Little known struggles that are directly tied to your dyslexia.
For the general population, there are a lot of misconceptions surrounding what dyslexia is. Here are 4 surprising adult dyslexic struggles that can be directly tied to being dyslexic.
Knowing Right from Left
Somewhat weird to think about; for most non-dyslexics knowing your right from your left is instinctual. Someone says turn right, and they turn right. For a person with dyslexia, things are not so simple. Our brains are constantly working to decode our surroundings and track where and what we are doing. So when someone asks a person with dyslexia to go left, our brains must come to a screeching halt and solely focus on the process of which way is left. For more on knowing right from left while driving check out our blog Right from Left while Driving.
Dyslexics are not forgetful; we struggle with something called word recall. Picture this; you are a filing clerk for a doctor's office, and you have like 100,000 records filed away. Harry Jones comes in, and you need to get his file out of the cabinet. Pulling up his file is going to take some time and require your focus to find. For dyslexics, "forgetting" words is kind of like this. We can be mid-sentence, and the little file clerk in our head simply can not find the right word (or file). It is really embarrassing but normal for dyslexics.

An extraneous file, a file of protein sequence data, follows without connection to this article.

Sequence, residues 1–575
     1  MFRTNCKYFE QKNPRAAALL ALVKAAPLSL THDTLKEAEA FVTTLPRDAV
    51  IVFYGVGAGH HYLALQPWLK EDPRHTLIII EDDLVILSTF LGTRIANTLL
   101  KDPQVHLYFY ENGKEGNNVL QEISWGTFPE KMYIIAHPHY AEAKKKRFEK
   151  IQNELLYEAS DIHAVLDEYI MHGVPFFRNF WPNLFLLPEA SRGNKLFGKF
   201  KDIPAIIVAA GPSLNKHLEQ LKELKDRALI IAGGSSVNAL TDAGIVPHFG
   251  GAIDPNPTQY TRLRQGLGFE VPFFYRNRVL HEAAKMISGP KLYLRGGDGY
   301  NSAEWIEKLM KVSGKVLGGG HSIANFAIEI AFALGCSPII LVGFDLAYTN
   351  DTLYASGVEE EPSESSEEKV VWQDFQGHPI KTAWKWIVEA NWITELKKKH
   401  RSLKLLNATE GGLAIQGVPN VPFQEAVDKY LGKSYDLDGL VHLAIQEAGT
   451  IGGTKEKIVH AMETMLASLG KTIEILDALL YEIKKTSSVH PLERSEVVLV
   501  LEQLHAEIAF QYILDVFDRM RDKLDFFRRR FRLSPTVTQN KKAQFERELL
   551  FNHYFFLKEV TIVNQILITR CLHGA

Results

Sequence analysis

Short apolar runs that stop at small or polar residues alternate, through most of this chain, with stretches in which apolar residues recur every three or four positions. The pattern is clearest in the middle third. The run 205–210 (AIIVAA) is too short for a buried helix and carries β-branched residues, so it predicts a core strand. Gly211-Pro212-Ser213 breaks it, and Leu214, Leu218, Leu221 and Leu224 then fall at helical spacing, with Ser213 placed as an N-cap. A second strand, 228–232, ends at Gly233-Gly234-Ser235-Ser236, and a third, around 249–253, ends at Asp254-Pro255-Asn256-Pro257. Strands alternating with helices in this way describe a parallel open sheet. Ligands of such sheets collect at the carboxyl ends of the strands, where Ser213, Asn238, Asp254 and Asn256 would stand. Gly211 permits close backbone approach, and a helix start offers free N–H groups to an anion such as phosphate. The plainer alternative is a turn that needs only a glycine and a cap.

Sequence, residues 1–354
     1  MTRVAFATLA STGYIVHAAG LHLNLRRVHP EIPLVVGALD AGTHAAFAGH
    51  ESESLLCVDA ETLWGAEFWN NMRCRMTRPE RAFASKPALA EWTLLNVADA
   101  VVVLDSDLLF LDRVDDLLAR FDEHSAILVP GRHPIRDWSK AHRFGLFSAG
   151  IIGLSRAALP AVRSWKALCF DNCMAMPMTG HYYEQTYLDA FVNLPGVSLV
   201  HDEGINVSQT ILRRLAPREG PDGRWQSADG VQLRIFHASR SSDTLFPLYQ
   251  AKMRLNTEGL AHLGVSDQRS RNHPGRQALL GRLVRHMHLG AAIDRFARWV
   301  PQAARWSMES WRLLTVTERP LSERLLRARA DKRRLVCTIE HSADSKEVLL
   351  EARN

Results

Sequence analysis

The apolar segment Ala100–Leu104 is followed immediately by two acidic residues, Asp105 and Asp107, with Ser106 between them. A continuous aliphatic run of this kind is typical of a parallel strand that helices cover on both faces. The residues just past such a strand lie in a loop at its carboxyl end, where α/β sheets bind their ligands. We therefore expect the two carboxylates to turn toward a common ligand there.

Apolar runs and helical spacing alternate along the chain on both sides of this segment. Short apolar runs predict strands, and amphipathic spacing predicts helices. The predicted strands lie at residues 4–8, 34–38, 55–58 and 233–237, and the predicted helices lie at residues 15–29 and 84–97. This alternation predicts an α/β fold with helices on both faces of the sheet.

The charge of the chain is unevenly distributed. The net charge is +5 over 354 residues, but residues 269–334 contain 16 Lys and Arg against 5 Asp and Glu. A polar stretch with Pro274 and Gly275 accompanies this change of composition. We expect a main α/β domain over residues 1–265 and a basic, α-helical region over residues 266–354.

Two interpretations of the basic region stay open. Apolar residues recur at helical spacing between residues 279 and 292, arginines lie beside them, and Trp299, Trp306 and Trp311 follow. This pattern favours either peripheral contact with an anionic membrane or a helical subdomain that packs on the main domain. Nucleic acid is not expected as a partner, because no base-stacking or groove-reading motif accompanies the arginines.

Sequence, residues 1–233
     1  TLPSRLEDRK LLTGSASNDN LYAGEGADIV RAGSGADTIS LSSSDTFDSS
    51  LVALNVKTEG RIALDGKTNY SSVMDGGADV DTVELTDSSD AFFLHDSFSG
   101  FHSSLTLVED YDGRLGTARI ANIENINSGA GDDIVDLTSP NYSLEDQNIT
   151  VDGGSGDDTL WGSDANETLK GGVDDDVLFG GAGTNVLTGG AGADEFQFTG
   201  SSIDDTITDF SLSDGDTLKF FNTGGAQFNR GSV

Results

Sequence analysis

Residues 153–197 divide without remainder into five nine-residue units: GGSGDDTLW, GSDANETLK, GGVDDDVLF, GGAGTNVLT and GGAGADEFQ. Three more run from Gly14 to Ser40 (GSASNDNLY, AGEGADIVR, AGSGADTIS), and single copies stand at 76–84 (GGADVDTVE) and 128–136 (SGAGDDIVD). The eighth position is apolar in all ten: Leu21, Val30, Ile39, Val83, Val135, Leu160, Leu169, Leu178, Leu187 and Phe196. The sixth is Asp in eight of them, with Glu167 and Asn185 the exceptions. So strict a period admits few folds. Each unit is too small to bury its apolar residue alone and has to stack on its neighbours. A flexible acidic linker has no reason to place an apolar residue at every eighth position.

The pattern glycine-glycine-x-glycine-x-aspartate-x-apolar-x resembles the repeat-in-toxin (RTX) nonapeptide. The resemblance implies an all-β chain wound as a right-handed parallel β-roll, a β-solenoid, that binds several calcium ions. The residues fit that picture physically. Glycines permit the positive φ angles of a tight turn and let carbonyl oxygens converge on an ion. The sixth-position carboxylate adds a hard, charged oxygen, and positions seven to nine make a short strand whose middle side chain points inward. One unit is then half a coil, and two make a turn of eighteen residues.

Ever get directions from your boss and instantly forget them when you sit back at your desk? It's not you; it's your dyslexia. We often struggle with working memory (the posted note in your brain). We can't take in information quickly and hold on to it for an extended time. Think of it like this, non-dyslexics have a standard-size sticky note in their head to jot down quick things. As a person with dyslexia, you have a smaller sticky note and are trying to write down the same amount of information as everyone else. That smaller posted note results in us forgetting things.
Are you always running behind or missing appointments? Surprise, it's your dyslexia! People with dyslexia (and ADHD) often struggle with time blindness. People with dyslexia are strong mono-taskers, so when we are in the middle of a project, we tend to tune out the rest of the world; this includes time. Time blindness also makes it hard to know how long a task will take.
Dyslexia in adults is not straightforward and way more than just an issue with reading and writing. If you are looking for a complete guide on what dyslexia in adults really is, check out our FREE guide to get started.